Star Trek: Voyager "Tsunkatse"

Screenshot: CBS

After bullshitting about the Tsunkatse matches, which modulates into a discussion of Chakotay’s boxing career, Kim’s parrises squares career, and a mess of trash talking, Chakotay reveals to Torres that she has bridge duty at the same time as the Tsunkatse match: he’s delegating.

Chakotay, Paris, Neelix, and Kim attend a match, and are rather shocked to see Seven as one of the combatants. She is defeated by the Pendaran, though she puts up a good fight. Chakotay calls Voyager to have Seven beamed out, but sensors indicate that the arena is empty. Eventually they determine that the combatants aren’t present there, but rather the arena is showing a holographic transmission of the fight. Seven and the Pendaran are actually fighting in an empty arena, their fight broadcast all over the system.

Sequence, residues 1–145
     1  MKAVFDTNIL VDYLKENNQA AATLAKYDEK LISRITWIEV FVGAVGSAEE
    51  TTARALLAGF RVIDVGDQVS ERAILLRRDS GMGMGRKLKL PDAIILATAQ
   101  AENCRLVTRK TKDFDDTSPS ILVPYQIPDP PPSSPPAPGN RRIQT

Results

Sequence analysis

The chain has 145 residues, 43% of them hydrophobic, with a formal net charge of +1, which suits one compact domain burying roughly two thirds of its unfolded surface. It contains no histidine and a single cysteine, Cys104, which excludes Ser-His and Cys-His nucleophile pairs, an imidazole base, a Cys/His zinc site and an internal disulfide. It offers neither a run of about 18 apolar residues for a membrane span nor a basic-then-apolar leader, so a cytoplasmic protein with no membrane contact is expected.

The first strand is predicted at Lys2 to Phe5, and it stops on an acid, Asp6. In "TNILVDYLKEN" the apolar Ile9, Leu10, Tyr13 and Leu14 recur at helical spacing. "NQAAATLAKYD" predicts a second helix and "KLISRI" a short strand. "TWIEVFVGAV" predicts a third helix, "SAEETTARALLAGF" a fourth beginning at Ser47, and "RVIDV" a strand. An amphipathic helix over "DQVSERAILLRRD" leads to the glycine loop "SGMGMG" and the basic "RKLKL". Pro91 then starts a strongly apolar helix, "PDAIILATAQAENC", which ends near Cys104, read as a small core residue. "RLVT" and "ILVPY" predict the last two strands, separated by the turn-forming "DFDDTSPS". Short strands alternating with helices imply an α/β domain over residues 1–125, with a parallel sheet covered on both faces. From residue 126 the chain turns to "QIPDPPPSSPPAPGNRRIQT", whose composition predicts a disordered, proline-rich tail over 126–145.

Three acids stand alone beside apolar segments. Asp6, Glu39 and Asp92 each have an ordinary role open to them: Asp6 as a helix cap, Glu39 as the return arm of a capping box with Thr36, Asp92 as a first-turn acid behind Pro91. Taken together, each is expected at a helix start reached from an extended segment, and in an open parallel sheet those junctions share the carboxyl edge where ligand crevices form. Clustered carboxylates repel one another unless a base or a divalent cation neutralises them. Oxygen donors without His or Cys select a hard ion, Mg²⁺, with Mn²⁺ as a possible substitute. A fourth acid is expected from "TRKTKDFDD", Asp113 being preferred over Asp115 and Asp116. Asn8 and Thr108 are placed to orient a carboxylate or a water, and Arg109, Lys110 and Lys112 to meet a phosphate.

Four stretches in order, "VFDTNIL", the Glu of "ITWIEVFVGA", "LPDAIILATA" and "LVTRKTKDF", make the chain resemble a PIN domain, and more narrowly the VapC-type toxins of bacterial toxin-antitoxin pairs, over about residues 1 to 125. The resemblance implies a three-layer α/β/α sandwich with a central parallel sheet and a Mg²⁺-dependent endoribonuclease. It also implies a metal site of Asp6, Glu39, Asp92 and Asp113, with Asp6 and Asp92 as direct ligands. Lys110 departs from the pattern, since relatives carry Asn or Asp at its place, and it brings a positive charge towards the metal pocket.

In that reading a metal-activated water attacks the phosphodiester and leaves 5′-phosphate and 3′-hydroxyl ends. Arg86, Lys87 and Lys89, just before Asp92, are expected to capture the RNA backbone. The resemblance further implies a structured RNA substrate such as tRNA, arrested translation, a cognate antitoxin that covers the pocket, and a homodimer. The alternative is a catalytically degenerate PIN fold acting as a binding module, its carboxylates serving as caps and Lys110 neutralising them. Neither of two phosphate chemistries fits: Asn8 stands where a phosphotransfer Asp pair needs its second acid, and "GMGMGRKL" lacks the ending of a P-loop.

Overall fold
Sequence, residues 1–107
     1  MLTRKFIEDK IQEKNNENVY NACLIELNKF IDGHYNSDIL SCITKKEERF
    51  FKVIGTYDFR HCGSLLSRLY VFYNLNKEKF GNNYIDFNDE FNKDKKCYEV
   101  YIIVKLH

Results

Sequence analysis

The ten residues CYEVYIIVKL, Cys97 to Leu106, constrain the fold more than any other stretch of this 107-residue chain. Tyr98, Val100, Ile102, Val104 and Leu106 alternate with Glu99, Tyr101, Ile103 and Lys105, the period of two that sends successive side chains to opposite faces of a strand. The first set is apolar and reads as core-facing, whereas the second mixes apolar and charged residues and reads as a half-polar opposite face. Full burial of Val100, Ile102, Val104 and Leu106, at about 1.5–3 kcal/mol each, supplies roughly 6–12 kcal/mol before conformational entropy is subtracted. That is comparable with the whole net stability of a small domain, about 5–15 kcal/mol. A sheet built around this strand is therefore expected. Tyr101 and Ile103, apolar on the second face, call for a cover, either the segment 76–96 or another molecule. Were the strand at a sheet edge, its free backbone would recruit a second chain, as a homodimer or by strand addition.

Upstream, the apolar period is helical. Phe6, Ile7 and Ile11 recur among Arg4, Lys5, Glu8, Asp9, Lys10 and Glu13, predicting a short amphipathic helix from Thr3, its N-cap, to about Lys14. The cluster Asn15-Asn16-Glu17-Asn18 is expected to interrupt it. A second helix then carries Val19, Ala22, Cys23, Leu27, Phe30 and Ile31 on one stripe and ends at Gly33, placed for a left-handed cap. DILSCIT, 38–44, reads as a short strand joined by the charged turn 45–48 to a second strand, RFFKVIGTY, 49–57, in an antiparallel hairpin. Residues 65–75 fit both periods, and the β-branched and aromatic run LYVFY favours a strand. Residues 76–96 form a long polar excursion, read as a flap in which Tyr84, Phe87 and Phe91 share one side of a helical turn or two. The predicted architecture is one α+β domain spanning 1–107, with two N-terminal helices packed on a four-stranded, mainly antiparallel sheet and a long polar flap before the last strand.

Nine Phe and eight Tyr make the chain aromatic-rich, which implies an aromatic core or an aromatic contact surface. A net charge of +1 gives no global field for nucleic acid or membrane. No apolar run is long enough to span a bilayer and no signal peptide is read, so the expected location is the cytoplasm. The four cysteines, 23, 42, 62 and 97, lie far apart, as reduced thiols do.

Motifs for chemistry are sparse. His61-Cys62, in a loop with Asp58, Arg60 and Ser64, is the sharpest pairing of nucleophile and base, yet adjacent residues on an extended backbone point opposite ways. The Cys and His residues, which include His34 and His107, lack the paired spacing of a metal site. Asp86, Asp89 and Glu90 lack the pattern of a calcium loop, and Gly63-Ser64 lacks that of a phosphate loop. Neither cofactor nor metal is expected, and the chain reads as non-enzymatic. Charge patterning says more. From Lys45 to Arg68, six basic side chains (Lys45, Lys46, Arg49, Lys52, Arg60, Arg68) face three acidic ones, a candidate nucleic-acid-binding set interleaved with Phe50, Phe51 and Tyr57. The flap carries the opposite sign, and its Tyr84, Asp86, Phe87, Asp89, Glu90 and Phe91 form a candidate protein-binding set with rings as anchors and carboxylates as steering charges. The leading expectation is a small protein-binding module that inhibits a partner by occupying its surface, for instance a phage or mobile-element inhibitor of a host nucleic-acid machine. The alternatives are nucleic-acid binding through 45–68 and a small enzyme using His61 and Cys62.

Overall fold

The crowd loves the fight, at least in part because people like seeing a Borg defeated, and Penk wants to put her in a red match. The Hirogen heals her with a dermal regenerator, having already used it on Tuvok. He also says that he is familiar with the opponent she will be facing in her red match, and he will train her to give her the best chance of victory. We learn that the Hirogen has been in the arena for nineteen years. He was on his son’s first hunt when he was captured. He has no idea what happened to his son, where he is now, or even if he’s still alive.

Chakotay reports to Janeway, who cuts her shore leave short and sets course back to the Norcadian system.

Neelix reports that the Norcadian government is putting up a good front about trying to retrieve Seven and Tuvok, but Tsunkatse is one of the biggest moneymakers in the system, and they are loath to tamper with it.